Nissan 350Z Roadster GT Pack

Japanese bruiser with no-nonsense rear-drive handling packs a punch

Don’t make the mistake of underestimating the Nissan 350Z. The big-hearted roadster doesn’t fit the mould of traditional Japanese sports cars, yet along with the Porsche Boxster it was commended at our New Car Honours last year.

Part of its charm undoubtedly stems from its styling – although it must be said that while we love the lines of the coupé, the drop-top is slightly less successful. The roof seems to have been tacked on as an afterthought. The canopy is small, the PVC cotton fabric it’s made from looks shiny and cheap, and with the lid lowered, the rear deck is very long. However, the LED-equipped tail-lights, which were added in last year’s update, are really neat.

You have to put your foot on the brake to drop the top, so it can’t be done while moving, and you also have to release a central handle. That done, the roof tucks itself away under a solid cover and you’re free to enjoy open-air motoring.

But you’ll have to be careful what you take along for the ride. The 130-litre boot is small, and although there are lockers behind the
seats, stowage is scarce. There’s a mesh net, two 12V sockets, cup-holders and a rather unsightly bin in the centre console, but that’s not enough to make up for the absence of a glovebox.

More importantly, the 350Z was the only car here that was prone to the occasional rattle and squeak. There’s no two ways about it, the Nissan isn’t in the same league as the Audi for build quality, and its design leaves a bit to be desired, too. While every aspect of the TT’s cockpit has been carefully considered, here the approach is more haphazard – the switchgear is less logical and the stereo isn’t as well integrated, for instance.

There’s a sense that the 350Z is a bit rough and ready – and that’s not just true of the way it looks, but the way it drives, too. For starters, the beefy V6 sounds purposeful rather than tuneful, and there hasn’t been much attention paid to weight saving. The Roadster tips the scales at 1,640kg, 110kg heavier than the coupé, and nearly 200kg more than the SLK. However, with more power and torque than all its rivals, this is still a fast car. It’s every bit as quick as the lightweight Porsche and far punchier at low revs. Although coarse, it’s a really enjoyable engine to use, not least because the Z’s controls are so positive. The clutch engages without a judder, the Brembo brakes inspire confidence and there’s no fear of wrong-slotting a gear with a six-speeder this positive – although the lever does buzz in your hand.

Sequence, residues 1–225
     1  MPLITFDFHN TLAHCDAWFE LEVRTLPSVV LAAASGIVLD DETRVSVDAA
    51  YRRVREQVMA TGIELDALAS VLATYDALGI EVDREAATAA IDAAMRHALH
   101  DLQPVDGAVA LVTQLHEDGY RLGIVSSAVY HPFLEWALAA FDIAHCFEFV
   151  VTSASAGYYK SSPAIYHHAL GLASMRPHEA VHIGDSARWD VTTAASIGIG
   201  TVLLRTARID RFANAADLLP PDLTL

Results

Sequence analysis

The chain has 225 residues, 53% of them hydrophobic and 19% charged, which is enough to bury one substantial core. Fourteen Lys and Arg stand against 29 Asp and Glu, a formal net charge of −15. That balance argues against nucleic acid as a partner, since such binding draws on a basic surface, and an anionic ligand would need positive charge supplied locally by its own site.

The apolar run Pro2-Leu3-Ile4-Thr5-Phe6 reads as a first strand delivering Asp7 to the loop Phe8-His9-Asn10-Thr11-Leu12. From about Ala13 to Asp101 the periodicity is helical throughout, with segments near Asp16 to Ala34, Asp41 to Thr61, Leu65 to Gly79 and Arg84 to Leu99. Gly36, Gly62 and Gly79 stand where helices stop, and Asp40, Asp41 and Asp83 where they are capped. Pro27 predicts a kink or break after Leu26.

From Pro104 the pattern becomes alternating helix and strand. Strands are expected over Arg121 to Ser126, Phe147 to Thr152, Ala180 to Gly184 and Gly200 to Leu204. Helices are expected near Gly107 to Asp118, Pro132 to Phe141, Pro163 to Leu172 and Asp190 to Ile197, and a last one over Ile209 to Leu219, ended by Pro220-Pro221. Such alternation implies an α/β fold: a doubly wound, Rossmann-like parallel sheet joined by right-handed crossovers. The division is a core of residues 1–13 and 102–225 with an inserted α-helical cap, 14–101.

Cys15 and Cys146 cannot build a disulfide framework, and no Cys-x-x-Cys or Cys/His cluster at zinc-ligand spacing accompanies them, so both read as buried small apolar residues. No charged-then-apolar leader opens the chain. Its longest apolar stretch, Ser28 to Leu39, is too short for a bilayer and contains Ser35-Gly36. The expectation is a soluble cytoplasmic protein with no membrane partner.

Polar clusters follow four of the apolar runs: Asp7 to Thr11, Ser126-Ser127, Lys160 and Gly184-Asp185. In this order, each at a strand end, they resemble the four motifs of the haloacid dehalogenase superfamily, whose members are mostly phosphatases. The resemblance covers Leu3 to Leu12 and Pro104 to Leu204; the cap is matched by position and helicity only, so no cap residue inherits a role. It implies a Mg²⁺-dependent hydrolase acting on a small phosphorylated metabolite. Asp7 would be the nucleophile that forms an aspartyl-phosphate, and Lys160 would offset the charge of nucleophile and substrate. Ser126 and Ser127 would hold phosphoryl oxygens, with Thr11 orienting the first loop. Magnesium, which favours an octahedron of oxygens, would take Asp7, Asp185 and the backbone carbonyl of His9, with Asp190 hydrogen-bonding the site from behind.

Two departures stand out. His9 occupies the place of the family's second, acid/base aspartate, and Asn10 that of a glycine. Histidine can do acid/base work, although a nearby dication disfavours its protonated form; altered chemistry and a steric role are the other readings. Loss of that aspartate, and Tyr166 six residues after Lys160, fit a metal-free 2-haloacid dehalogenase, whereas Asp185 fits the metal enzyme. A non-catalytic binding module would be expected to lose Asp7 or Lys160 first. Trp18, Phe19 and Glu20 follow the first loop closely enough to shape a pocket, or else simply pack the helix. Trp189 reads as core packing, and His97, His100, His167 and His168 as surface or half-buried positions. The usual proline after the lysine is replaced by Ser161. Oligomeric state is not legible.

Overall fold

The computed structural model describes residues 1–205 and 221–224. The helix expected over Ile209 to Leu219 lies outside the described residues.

The engine is mounted well behind the front axle to improve weight distribution, and drives the rear wheels via a carbon fibre propshaft. This is a recipe for old-fashioned driving fun, and the Roadster doesn’t disappoint. It may not have the Porsche’s panache, purity and polish, but it wears its heart on its sleeve and is arguably more engaging at lower speeds. Around corners, there’s barely any chassis twist, it remains stable and is very well balanced. The steering is particularly good – although it does suffer some kickback with sharp bumps sending shocks up the column. The downside is a firm ride that lacks sophistication and a hood that lets in too much external noise.

What’s more, with the roof down the Nissan’s buffeting is the worst here – chiefly due to its small wind deflector between the roll hoops.

But even if 350Z owners are worried about their hair being blown off, at least they can relax in the knowledge that their car is the best equipped and has the lowest running costs.


Price: £30,495
Model tested: Nissan 350Z Roadster GT
Chart position: 3
WHY: Rear-wheel-drive handling of Nissan’s two-seater will offer a stiff challenge to the TT.


Here the Nissan’s weight and power take their toll. We averaged 22.4mpg – although that’s close to Nissan’s overall 23.5mpg figure. No wonder it needs a massive 80-litre tank.


Who needs a German badge? The 350Z’s 51.2 per cent residuals are only 0.7 per cent behind the Boxster’s. That means buyers can expect to lose £14,882.


Although it appears cheaper to maintain – just £680 for three dealer visits – the Nissan needs attention every 9,000 miles, which is nearly twice as often as rivals.


Here’s the irony. The 225g/km maximum tax band is set relatively low, and the 350Z is the most polluting car here by 33g/km, yet only the Porsche is cheaper for company buyers.

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